ACF replies to the administration's inadequate response to Hamid Dabashi's anti-Semitism

Updated: Jun 7, 2019

In our previous blog post dated June 17, 2018, we wrote that Provost John Coatsworth and Executive Vice President of University Life Suzanne Goldberg failed to adequately respond to professor Hamid Dabashi's anti-Semitic diatribes on social media.

Provost John Coatsworth and Executive Vice President Suzanne Goldberg


In their letter dated June 8th, Provost Coatsworth and VP Goldberg refused to even acknowledge that the University finds anything objectionable in Dabashi's anti-Semitic statements. Instead, they gave the University a backhanded compliment for its defense of the freedom of expression by stating that "...in such environment, members of our community will inevitably be confronted with views they find highly objectionable." In short, to Coatsworth and Goldberg Dabashi's vile statements are nothing but a proof of Columbia's success in fostering a great environment for freedom of expression where only "members of community" could find anything objectionable in anti-Semitic diatribes.

“Half a century of systematic maiming and murdering of another people has left… its deep marks on the faces of these people, the way they talk, walk, the way they greet each other… There is a vulgarity of character that is bone-deep and structural to the skeletal vertebrae of its culture."

-- Professor Hamid Dabashi writing in Egyptian newspaper Al-Ahram in 2004


The University's inadequate response raises a more important issue. Why does Columbia University refuse to stand up to anti-Israel demonization, delegitimation of Israel and downright anti-Semitic bigotry? Why does Columbia University administration approve, if only by omission, the application of double standard to Israel? Why is this Ivy League bastion of liberalism located in the heart of the largest Jewish community in the US is soft on anti-Semitism? Would Columbia University administration be as tolerant and reticent to hate towards any other minority group?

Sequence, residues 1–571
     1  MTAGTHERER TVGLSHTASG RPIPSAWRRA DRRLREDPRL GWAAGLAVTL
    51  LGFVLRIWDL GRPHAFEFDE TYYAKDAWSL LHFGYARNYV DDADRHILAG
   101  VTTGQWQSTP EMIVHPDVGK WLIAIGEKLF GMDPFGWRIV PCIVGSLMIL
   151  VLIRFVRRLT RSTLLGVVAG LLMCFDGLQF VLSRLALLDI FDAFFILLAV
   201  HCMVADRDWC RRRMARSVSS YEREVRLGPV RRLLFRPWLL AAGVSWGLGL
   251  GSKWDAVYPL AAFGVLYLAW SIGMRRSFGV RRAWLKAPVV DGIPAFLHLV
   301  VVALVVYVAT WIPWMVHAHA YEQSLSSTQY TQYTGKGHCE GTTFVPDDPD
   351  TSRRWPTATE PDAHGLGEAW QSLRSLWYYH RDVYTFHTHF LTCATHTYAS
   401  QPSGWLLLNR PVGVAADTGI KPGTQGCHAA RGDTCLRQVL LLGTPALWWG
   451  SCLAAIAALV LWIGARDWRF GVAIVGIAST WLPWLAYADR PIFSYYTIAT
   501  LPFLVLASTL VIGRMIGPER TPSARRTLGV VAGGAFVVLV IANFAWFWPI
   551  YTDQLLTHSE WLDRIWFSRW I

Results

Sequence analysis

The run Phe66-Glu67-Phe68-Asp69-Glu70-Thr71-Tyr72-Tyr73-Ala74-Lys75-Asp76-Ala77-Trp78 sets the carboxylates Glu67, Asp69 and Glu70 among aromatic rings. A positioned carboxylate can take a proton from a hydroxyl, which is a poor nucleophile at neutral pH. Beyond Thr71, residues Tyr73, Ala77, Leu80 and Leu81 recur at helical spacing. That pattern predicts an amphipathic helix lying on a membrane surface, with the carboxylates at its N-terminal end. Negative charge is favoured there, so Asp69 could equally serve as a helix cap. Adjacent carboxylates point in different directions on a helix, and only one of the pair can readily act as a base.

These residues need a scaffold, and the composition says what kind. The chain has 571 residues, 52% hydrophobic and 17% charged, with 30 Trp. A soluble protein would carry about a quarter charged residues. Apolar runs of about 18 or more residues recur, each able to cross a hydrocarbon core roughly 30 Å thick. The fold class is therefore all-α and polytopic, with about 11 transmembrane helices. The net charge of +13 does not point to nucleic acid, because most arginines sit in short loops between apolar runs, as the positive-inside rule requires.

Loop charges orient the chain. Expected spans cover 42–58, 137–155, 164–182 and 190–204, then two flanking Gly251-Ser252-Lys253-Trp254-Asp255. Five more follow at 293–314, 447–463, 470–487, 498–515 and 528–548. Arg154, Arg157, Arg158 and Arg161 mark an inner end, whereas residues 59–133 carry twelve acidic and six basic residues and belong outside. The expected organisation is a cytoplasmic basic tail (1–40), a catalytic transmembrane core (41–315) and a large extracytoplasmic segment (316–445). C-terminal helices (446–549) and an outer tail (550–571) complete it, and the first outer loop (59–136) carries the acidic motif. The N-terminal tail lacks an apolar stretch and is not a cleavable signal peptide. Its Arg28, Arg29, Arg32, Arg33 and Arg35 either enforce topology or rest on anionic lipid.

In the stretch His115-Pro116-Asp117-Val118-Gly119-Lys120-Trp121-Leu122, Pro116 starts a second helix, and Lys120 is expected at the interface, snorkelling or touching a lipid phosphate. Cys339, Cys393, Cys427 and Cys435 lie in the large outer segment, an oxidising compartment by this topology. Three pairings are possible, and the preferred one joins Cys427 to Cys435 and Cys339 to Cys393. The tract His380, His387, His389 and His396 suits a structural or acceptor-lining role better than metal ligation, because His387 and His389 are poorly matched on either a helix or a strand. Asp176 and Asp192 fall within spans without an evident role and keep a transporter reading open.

On July 9th Victor Muslin, the leader of the ACF's Columbia University and Barnard College chapter and Avi Gordon, the Executive Director of Alums for Campus Fairness sent a response to Provost Coatsworth and EVP Goldberg expressing the disappointment of the alumni with the University's failure to acknowledge and address the issue.


In part, the ACF's response states, "...your letter demonstrates a much larger problem than the specific statements of one professor: namely Columbia University administration’s indifference to anti-Semitic bigotry, unfair treatment of Jewish, Israeli and pro-Israel students, and indifference to our community’s concerns. Virulent anti-Israelism and anti-Semitism on campus are growing in notoriety and the administration’s failure to acknowledge and address them are adversely affecting the University’s prestige and the entire Columbia community, including us as Columbia alumni."


Yet again ACF stated a list of requests to be enacted by Columbia University administration:

  1. Issue a formal, public statement unequivocally condemning Professor Dabashi’s anti-Semitic postings as antithetical to Columbia University’s liberal values;

  2. Relieve Professor Dabashi of teaching responsibilities until he commits to ending his anti-Semitic rhetoric;

  3. State unequivocally that Jewish, Israeli and pro-Israel students, for whom Zionism and the right of Jewish self-determination are core values, are as welcome at Columbia University as any other religious, ethnic or national minority;

  4. Meet with the concerned representatives of alumni and faculty to engage in a dialogue on this critical issue.

ACF is awaiting Columbia University's explanation.


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